“I went through a bad situation two years ago, and I’m heading right back there. I haven’t slept. My wife, two nights ago, was up with me all night and I slept one hour and came to work. Probably the most sleep I’ve gotten over the past three weeks is probably three hours or less. And she stays there and sits in a chair and watches me. That’s what she did last night. That ain’t no way to live. I’ve taken years off of my life and her’s. But we both say we’d do it again, wouldn’t we? Damn right.”
Even in describing all the negative effects the job has had on him, Kill said he’d do it all again. And it’s entirely understandable.
We all have things we’re passionate about, and if for some reason you didn’t know that this job was Kill’s passion, you found out hearing him speak Wednesday. Kill’s taken that passion and turned it into a mighty successful career, changing things for the better wherever he’s gone. He took Southern Illinois from one win to 12. He took Northern Illinois from sub-.500 to 10 wins and an appearance in the MAC title game. He took Minnesota from three wins to eight, reaching levels of success few coaches have in the program’s history.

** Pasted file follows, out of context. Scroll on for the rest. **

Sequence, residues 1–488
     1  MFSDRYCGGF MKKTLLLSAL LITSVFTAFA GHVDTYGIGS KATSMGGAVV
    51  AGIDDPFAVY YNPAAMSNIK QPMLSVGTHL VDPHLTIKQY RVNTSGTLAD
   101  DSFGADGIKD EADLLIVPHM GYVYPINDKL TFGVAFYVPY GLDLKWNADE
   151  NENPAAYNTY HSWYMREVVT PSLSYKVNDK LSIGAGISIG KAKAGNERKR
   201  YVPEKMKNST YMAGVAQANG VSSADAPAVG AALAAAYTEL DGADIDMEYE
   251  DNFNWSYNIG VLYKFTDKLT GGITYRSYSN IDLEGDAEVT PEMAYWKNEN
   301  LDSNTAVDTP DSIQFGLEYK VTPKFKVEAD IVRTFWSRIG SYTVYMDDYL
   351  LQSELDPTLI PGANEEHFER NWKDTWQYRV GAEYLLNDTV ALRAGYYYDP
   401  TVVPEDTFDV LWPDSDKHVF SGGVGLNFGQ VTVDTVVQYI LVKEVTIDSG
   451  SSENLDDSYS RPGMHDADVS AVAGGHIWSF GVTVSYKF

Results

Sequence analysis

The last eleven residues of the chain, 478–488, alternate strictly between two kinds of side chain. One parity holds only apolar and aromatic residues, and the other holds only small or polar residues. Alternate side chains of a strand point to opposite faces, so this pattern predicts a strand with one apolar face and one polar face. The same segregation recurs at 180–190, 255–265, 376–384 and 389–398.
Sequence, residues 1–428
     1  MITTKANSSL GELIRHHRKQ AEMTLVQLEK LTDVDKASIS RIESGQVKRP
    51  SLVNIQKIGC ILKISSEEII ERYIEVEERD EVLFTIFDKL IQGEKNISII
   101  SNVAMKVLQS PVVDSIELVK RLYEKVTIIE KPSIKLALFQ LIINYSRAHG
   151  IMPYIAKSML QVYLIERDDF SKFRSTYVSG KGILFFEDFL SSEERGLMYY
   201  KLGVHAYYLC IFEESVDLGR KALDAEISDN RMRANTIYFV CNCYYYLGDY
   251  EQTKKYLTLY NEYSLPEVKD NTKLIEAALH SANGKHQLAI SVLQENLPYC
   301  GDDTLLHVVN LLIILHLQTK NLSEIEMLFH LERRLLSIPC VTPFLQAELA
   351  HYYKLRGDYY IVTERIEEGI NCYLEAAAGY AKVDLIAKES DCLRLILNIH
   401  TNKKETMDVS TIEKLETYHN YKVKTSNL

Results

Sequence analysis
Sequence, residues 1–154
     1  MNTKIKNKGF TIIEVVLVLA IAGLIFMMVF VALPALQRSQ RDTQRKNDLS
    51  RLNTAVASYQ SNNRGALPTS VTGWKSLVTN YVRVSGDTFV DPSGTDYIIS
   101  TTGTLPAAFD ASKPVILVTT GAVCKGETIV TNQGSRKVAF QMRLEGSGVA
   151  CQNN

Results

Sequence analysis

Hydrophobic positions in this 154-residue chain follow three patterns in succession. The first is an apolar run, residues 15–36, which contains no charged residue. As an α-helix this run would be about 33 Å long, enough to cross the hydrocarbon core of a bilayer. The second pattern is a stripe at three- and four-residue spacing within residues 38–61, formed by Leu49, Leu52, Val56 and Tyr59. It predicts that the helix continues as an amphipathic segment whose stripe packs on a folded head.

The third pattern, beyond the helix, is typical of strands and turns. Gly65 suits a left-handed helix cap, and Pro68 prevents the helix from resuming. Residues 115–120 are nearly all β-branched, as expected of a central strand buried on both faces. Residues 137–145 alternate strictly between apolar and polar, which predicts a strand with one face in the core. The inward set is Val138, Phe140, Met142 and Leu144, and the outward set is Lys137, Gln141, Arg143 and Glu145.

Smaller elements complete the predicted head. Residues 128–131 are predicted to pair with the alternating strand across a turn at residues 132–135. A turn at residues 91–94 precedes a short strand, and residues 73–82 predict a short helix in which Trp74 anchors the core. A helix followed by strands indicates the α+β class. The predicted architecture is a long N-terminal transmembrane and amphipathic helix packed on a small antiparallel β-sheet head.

But that passion now has no outlet. It’s been taken from him. Kill spent more than three decades doing what he loved. And though the struggles have been many in recent years, perhaps signaling a day when he wouldn’t be able to keep going, what he’s dedicated the majority of his life to ended in an instant.
“We don’t know what we’re going to do. That’s in the big man’s hand. I don’t have a clue. I’ve had a bomb dropped on me.”
Kill’s coaching career is over. Not because he wants it to be, not because administrators wanted him gone, not because he cheated, not because bigger and better football opportunities are calling. It’s over because his health dictated it, because there was nothing anyone could do, nothing he could do to save himself but stop.
And that’s why this is all so sad.
“I feel like I can beat anything. I hate losing. I feel like I’m losing today.”